When working in the medical profession, there are guidelines employees have to adhere to in order to maintain the level of professionalism required in their position. Understanding and practising appropriate boundaries with patients is a key component of these requirements. However, this concept is sometimes lost on individual practitioners, as outlined in the below case.
Background of the case
The respondent became a registered nurse on January 18, 2010. In September 2014, she started work as a part-time nurse at the Uniting Medically Supervised Injecting Centre (MSIC) in Sydney.
According to information published in the Caselaw report, MSIC is a harm reduction health service located in Kings Cross where people lawfully inject illegal substances under professional medical supervision. Its aim is to reduce the number of drug overdose deaths and the transmission of bloodborne viruses.
The case in question centres around the respondent's conduct whilst working at MSIC. On March 17, 2017, MSIC staff spoke with the respondent about allegations that had been brought to their attention stating she was in a relationship with a visitor of MSIC (Patient A). At the time, the respondent denied the allegations.
Following a period of leave, the respondent returned to work on April 3, 2017. The next day another MSIC staff member spoke with the woman about the allegations, which the respondent again denied.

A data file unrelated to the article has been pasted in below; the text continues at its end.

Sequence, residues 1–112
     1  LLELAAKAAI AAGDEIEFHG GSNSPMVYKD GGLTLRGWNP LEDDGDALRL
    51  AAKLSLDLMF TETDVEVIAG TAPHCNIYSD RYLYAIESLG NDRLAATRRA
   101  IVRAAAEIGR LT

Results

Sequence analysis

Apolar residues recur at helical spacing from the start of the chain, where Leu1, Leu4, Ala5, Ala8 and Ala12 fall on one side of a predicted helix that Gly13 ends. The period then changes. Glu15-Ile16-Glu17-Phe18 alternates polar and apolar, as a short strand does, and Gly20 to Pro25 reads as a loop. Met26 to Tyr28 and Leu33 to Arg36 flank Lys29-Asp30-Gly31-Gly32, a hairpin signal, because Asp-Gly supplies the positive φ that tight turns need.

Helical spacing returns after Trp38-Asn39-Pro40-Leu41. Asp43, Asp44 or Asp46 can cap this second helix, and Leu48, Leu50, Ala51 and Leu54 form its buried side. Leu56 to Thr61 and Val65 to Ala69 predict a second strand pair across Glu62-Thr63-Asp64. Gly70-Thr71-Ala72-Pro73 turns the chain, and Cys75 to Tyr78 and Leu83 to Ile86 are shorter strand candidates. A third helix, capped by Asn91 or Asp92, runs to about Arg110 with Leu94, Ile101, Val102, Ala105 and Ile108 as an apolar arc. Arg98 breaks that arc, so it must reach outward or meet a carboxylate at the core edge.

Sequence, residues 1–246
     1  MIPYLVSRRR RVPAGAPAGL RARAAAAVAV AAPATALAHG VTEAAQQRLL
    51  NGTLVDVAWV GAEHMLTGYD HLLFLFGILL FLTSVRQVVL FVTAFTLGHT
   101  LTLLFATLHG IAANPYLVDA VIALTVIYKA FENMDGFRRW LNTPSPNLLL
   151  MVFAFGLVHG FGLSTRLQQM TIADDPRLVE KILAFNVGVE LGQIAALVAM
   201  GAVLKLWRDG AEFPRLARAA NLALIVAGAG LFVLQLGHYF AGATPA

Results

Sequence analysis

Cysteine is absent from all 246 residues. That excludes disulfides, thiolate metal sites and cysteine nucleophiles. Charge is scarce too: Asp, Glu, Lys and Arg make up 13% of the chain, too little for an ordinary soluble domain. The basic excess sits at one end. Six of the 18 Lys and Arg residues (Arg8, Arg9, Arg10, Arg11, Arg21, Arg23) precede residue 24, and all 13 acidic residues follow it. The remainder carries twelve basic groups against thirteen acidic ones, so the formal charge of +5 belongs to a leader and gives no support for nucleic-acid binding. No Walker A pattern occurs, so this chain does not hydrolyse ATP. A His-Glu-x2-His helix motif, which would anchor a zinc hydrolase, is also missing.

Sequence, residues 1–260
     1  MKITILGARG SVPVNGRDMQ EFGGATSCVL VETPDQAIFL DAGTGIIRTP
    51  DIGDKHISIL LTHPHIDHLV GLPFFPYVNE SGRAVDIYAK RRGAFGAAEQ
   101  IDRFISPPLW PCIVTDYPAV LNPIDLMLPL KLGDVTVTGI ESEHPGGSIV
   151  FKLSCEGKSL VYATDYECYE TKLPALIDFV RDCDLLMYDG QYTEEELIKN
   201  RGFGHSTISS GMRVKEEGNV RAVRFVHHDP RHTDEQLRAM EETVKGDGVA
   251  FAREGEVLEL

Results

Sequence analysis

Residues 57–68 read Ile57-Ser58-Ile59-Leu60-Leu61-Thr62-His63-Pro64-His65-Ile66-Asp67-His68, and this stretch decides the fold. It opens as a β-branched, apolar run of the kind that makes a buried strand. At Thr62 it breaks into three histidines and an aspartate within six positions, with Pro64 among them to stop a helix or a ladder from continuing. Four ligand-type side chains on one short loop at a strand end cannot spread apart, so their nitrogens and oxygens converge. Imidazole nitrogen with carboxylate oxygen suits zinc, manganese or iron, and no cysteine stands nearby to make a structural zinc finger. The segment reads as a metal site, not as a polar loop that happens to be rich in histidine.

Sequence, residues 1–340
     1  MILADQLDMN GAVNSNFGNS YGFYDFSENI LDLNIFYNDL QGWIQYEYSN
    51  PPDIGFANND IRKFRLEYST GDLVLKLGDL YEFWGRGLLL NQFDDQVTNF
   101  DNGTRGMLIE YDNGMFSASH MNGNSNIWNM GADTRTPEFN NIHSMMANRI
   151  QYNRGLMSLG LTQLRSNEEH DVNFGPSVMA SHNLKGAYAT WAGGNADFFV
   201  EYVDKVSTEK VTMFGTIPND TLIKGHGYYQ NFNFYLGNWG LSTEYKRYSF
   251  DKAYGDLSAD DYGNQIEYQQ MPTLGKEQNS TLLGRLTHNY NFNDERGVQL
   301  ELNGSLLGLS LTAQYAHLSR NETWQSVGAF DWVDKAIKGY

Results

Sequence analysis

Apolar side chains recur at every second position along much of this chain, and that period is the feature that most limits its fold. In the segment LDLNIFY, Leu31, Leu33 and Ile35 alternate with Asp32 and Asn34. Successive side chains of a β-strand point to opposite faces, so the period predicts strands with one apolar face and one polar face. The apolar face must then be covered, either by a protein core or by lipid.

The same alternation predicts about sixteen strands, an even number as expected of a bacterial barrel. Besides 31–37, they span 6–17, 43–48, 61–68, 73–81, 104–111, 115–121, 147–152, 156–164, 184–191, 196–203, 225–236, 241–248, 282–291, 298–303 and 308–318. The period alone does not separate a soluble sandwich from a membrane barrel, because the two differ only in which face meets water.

On April 10, 2017, the respondent told her manager about her relationship with Patient A. At the same time, she resigned from her employment at MSIC.
On June 14, 2018, the Health Care Complaints Commission (HCCC) applied to the Tribunal for orders under the National Law against the respondent. The application was comprised of a complaint that claimed the respondent's conduct was significantly below the standard reasonably expected of a practitioner of an equivalent level of training or experience.
What did the Tribunal decide?
After reviewing all evidence, the Tribunal was satisfied that the complaint regarding the respondent's behaviour was proved by the HCCC. It felt her conduct was very seriously unprofessional as she commenced and continued a personal relationship with a client who was extremely vulnerable and in need of professional medical help. Furthermore, she had several opportunities to disclose her relationship, yet she delayed the process until the date of her resignation.
As the complaint of unsatisfactory professional conduct had been proved, the Tribunal cancelled the practitioner's registration and restricted her from reviewing the cancellation order until 12 months after the date of the decision.
If you feel a medical professional has overstepped their boundaries, it's important to get the opinion of a trusted medical negligence legal team. Give Gerard Malouf & Partners a call to discover your options.